Updated at 12:30 p.m. ET
Former President Richard Nixon celebrated the first Earth Day in 1970 by planting a tree on the White House South Lawn. An enormous turnout of some 20 million people across the country attended Earth Day festivities, putting the fight against pollution on the political agenda.
That year Nixon created the Environmental Protection Agency and went on to sign the Clean Water Act and Clean Air Act with broad bipartisan support.
And 50 years later, the biggest environmental challenge is climate change, something most had never heard about back in 1970.
But large gatherings are not possible amid the global coronavirus pandemic, so Earth Day has moved online. Millions of people around the world are expected to take part in the anniversary of what organizers call "the largest secular observance in the world."
President Trump and the first lady also took part in a tree-planting ceremony at the White House. In his Earth Day message, Trump did not mention climate change, though he did tout the U.S. as a world leader in reducing "energy-related carbon dioxide emissions." At times in the past, Trump has denounced climate change as a hoax.
On the eve of this year's anniversary, Trump directed his administration to work on a financial aid plan for the oil and gas industry, which has been hit hard by global shutdowns to address the pandemic.
"The oil and gas industry spent millions to elect Trump in 2016, and they're getting exactly what they paid for," responded Greenpeace USA Senior Climate Campaigner Jack Shapiro. He thinks that "not a cent of taxpayer money should go to the corporations that created and profited from the climate crisis."
It's not yet clear exactly what financial help the Trump administration plans to give oil companies.
"Critical turning point"
"We originally envisioned [this] Earth Day as a really critical turning point for the movement," says Naina Agrawal-Hardin, a 17-year-old high school junior from Ann Arbor, Mich.
She is one of the young climate change activists the world has heard a lot from over the past year and a half as they organized a series of school climate strikes.
They've been galvanized by a series of scientific reports warning that the world must dramatically reduce carbon emissions, and soon, if it hopes to avoid the most catastrophic climate impacts.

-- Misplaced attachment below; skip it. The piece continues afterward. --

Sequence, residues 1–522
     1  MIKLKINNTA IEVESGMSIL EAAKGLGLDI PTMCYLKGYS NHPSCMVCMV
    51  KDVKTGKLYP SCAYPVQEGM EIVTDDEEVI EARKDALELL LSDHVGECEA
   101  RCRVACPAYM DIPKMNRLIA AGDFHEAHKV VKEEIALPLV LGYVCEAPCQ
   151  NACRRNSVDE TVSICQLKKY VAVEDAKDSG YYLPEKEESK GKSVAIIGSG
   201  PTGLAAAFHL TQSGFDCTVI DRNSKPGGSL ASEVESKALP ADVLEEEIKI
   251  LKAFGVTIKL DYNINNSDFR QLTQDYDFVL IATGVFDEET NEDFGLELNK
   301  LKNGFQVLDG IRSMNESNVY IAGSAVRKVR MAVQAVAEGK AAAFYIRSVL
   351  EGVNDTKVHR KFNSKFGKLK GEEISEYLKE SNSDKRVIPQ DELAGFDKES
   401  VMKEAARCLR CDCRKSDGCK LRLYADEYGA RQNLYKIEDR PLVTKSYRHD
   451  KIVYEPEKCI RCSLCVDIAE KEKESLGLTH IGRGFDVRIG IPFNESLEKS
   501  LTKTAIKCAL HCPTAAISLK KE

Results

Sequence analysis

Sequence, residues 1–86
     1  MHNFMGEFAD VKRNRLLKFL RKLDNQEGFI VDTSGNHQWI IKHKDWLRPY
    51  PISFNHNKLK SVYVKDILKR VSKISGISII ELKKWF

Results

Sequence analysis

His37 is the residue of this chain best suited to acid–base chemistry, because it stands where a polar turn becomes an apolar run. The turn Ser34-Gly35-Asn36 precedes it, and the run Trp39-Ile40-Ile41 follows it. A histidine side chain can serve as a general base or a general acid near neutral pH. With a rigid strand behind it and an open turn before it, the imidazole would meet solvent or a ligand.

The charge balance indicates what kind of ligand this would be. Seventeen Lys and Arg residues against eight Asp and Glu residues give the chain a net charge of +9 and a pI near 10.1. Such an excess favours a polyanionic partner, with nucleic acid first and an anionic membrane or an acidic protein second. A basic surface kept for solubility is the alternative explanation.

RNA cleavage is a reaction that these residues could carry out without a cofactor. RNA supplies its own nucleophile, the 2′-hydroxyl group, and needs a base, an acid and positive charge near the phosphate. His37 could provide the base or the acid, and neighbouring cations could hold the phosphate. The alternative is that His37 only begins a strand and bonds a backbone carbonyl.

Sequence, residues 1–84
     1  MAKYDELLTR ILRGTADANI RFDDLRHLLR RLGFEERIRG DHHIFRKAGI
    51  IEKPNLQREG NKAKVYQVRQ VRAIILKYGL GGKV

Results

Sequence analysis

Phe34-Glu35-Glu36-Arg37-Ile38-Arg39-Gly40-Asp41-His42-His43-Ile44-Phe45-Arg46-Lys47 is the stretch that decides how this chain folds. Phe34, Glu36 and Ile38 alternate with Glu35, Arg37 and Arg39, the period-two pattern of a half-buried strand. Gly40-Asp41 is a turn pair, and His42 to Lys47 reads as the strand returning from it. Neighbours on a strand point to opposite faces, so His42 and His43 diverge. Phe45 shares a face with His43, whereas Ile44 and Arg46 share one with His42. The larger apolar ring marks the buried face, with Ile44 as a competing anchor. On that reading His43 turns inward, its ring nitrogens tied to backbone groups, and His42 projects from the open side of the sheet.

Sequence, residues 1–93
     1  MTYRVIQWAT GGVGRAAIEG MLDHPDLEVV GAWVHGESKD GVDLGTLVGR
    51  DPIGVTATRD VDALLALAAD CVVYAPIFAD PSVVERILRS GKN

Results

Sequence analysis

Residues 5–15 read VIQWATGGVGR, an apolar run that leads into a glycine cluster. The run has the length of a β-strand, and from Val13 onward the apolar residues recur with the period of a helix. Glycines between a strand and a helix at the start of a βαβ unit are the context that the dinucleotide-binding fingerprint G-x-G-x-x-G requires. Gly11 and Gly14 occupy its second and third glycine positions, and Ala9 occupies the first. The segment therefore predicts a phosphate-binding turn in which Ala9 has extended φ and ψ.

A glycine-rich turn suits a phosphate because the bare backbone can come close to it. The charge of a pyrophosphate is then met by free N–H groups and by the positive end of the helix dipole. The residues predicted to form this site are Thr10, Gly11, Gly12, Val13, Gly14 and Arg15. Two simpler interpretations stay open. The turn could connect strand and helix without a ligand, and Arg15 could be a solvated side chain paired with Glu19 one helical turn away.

"Obviously now our plans have had to pivot. We cannot have millions of people in the streets," says Agrawal-Hardin. She's working with a coalition of 500 organizations that organized three days of online events, including teach-ins, virtual protests and a campaign to encourage young people to vote in November.
A group called Earth Day Network plans "24 hours of action" that invites digital activists to participate in hourly campaigns "to demand action and drive change."
Before the coronavirus pandemic, the group had much bigger plans.
"For two years, the Earth Day Network patiently laid the groundwork for gigantic crowds in 180 nations," wrote Denis Hayes in The Seattle Times. He organized the first Earth Day and founded the Earth Day Network.
"The goal was to build an irresistible worldwide force to demand a global Green New Deal and, ultimately, solve the climate crisis," Hayes wrote. Instead he's encouraging people to stay home this year, participate in virtual activities and "vote for the earth" in November.
Conservative climate change activists also have moved their plans online. Kiera O'Brien was scheduled to speak about attracting young conservatives to the climate movement at the EarthX conference in Dallas.
"I'm still speaking at EarthX, but the speeches will now be spread out across the summer," says O'Brien, who founded and is president of Young Conservatives for Carbon Dividends.
She plans to spend Earth Day watching the conference livestream from her home in Alaska.
O'Brien says she's optimistic that despite a much different Earth Day than many were expecting, the U.S. economy will recover and — with growing bipartisan support — the country will take action to address climate change.